Posted by: marcusfox77 | April 24, 2010

Get in the ring

I had forgotten how hard it was. Kicking the habit.

In the darkness, I found my claws again. The throbbing shot back. And not just in my bowling ball head this time. This time, it struck all over. I fell to the ground and kissed it, accidentally, with my gums and some teeth. I spit blood and clutched my stomach. The nausea was sweeping over me and my groin was… inverting? What the fucking fuck? My razor-toothed claws of my savagery burst out of me! I screamed, I howled! I was an animal encaged and all of my paws were broken. Who was he? How dare he? But the worst thought was next: how dare I? How had I fallen so low to where I couldn’t even spot a predator? My heart clanged in my chest and I rolled over. I rolled again. I rolled again. And I rolled up onto a raggedy mattress. The only other thing (besides myself and the pain) in this steel barred cage was a lonesome aluminum bucket. I came across it whence once upon the cold darkness of that mattress, my legs kicked and flailed, striking the pail and knocking it into the bars with a loud, metallic clang. That was the noise that split my brain open.

The next hours were dark.
The next hours were very very dark.

And then Charlie was there, holding me as I vomited hellfire into the bucket. As soon as I noted his presence, I tried to land one across his jaw, thereby crushing his demon face. But that didn’t happen, really. It was just an illusion. As was the one engine jet plane soaring high in the sky. It was a clear blue day. I was standing on the beach. I was Kuwajii, watching the plane. Looking up and seeing that plane as it spouted forth a golden egg—no! It was a golden boy! He fell fast and his parachute wasn’t working. I ran, as Kuwajii, dark skinned and doomed, into the water. Baby boy Marcus was still falling and falling hard. I wouldn’t reach him, not before he crashed into the ocean. And then he plummeted more, always more, always falling. He never hit. Instead, my eyes splashed open and I was in the cage. Charlie was just outside, offering me his hand. I spit in it and curled back into bed.

The next hours were frightening. I thought I was through it. I thought I was coherent. Charlie had changed his shirt because, as he told me, I had thrown my own excrement at him. I smelled my hand. It was possible.

“I’m good now, Charlie.”

“No you’re not.”

“Yes. What? Why do you think…” I trailed off. A large cockroach was making it’s way up Charlie’s leg, up his trousers, onto his belt, up his chest and on his face. Charlie didn’t move a morsel, not even when the cockroach ate his eyeball.

I crashed to the floor and the next hours were not good.

This is the life of a junkie. Was I recovered? That was a holistic thought!

“No,” said Charlie. “but try some water.” His arm, through the bars, held a small wax cup with butterflies on it. I was transfixed by them. I could have broken his arm. It would have been so easy. He was offering me the shot at it. This man was a fool. But instead of breaking his bones, peeling them out of him, and using the splinters to pick the lock, I reached out and accepted the water.

“Thank you.” I said, and poured the contents over my face. A few drops went into my mouth and I swallowed. Those were all I needed. Even though I was parched.

Then I was sleeping. Or maybe hallucinating again. Maybe a little of both. But if it was a hallucination, it felt much dreamier than the past ones. It was my mother, glowing, here, in my cell. She had wings and she was weeping. Yes. What did it mean? Was she begging for my forgiveness? I’d never seen her like this. Never like anything like this. Pristine and shining with her sadness. She shook her head from side to side and told me to “shush.” For a moment I thought I’d make ammends. Just do it for no other reason than to see what would come out of it. To see if any weight might be lifted. To see if forgiveness mattered. But instead, I closed my eyes and she was gone.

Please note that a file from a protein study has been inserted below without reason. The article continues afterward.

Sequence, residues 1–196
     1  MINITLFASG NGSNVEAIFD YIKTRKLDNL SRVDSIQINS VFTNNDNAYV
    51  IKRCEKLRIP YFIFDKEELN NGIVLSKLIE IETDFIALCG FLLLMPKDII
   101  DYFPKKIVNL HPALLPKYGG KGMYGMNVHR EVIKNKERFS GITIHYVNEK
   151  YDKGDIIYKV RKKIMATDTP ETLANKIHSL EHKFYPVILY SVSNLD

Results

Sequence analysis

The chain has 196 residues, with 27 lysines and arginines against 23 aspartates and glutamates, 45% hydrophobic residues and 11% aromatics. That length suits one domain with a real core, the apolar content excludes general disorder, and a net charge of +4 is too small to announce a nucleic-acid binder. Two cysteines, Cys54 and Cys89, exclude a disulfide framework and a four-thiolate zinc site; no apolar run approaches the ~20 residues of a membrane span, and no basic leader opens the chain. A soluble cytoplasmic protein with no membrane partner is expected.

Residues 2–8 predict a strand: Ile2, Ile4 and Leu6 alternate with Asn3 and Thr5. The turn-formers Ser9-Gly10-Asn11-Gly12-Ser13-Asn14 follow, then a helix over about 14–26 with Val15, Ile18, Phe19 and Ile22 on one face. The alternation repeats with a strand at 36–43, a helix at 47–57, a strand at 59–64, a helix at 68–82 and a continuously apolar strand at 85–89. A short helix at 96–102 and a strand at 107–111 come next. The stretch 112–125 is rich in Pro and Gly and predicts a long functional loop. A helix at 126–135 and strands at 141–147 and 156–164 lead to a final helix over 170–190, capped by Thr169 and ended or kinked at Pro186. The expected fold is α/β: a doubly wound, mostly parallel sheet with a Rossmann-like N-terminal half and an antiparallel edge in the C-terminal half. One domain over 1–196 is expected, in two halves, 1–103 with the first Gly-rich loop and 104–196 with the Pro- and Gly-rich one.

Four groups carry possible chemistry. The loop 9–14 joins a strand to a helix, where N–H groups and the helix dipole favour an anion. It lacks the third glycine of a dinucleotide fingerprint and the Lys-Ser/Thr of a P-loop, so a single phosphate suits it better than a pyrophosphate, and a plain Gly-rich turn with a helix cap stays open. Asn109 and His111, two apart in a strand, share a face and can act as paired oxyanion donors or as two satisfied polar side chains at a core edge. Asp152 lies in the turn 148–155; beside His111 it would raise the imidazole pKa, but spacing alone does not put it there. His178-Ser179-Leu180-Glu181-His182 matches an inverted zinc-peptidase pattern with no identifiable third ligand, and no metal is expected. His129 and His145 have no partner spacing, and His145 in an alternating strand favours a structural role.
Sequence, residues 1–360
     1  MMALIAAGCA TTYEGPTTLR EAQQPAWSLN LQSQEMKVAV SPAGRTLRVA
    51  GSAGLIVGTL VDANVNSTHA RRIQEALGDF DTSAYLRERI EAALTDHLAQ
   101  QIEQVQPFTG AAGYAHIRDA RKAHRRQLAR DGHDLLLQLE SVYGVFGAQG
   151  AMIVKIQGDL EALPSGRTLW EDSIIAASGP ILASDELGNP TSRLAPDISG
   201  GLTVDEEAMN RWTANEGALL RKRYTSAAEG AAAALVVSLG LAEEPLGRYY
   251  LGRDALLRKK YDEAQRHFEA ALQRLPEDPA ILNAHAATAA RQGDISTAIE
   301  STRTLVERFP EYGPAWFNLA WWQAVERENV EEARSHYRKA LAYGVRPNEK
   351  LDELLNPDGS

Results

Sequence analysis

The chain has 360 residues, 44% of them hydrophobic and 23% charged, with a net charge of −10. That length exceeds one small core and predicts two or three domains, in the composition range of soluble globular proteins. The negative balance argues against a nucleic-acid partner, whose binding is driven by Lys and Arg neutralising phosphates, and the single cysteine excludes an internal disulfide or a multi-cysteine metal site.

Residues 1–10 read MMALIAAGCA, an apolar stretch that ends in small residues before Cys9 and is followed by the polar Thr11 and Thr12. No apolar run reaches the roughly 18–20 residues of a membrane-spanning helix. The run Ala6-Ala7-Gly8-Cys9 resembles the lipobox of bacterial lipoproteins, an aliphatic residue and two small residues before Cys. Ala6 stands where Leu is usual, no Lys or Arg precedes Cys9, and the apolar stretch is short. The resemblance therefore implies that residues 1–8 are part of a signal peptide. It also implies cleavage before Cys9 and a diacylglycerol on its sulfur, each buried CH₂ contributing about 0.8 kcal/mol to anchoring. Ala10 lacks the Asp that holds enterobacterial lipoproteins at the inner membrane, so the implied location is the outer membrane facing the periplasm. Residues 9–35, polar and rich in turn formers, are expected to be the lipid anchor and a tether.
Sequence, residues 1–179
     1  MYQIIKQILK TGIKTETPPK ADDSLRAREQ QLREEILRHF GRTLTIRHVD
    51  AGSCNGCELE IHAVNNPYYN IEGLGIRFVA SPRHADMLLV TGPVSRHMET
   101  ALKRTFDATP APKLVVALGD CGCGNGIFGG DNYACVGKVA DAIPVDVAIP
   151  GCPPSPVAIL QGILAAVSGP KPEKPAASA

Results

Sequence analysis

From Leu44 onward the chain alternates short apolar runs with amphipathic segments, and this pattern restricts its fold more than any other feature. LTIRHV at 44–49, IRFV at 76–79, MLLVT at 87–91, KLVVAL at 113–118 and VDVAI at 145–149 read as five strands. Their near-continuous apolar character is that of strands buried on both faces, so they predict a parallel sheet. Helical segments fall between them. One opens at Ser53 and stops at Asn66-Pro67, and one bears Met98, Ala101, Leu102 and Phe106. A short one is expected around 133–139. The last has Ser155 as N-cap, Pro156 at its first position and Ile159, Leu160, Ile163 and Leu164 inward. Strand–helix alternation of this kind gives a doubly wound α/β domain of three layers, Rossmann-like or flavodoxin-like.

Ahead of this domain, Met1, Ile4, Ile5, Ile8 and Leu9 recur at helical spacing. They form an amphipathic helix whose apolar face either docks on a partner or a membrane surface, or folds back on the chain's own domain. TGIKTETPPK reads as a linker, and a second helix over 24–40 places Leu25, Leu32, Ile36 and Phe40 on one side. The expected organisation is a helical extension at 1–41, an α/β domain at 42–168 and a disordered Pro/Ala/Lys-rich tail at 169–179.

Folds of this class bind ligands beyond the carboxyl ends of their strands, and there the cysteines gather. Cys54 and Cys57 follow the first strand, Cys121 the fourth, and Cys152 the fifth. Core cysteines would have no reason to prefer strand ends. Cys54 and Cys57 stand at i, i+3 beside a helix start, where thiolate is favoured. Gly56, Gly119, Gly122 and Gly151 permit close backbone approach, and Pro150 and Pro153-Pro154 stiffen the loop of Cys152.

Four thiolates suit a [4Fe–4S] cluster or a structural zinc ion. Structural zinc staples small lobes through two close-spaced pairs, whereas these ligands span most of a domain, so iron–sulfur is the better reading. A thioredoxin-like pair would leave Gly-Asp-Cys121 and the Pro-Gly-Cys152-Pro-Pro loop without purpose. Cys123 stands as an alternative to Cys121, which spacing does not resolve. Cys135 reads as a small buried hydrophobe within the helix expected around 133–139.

The next hours were restful.

When I woke, the cage door was open, the lock was on the floor, and Charlie was dead in the far corner. No. That was a final mirage. The basement was empty.

I didn’t feel anything, which was better than any pain. I sat up slowly. Evidence of my detox was everywhere. I had turned my cell into a self-mocking bulimic artist’s life’s work. I left it feeling not the least twinge of pride.

Slowly I shuffled through the basement, noticing more than before. On a small table next to the ratty couch lay several magazines. Men with rifles. Interesting. On the heels of this visual discovery, I realized that I was able to see. Charlie had turned the lights back on. Charlie had left the cage door open. Charlie was up to something. A moment of panic was replaced quickly by my body’s desire to survive. Another good instinct back.

Maybe Charlie had helped me.

There were weapons everywhere. A shovel, pieces of lumber, a walking stick, a glass bowl, rocks of all sizes, table legs, broken glass in the corner, dark, discarded light bulbs in the mesh-wire trash container, the mesh-wire trash container. I handled the shovel and headed toward the light that was streaming down the stairs.

At the top, the doors were open. Charlie was sitting on the stoop, looking out at the sparsely tree-lined street. “Welcome back,” he spoke without turning. I had the shovel raised high to strike. “To the land of the living.” I lowered my weapon. “You are very welcome,” he said. So I sat down beside him.

Copywrite 2010, Marcus Fox

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Responses

  1. […] Click here, but I assure you, it isn’t pretty. […]


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